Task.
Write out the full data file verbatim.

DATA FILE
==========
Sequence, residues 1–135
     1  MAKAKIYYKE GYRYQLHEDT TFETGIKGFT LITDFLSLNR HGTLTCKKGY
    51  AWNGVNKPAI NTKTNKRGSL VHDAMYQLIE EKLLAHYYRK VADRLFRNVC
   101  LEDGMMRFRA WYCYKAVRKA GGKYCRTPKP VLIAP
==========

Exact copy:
Sequence, residues 1–135
     1  MAKAKIYYKE GYRYQLHEDT TFETGIKGFT LITDFLSLNR HGTLTCKKGY
    51  AWNGVNKPAI NTKTNKRGSL VHDAMYQLIE EKLLAHYYRK VADRLFRNVC
   101  LEDGMMRFRA WYCYKAVRKA GGKYCRTPKP VLIAP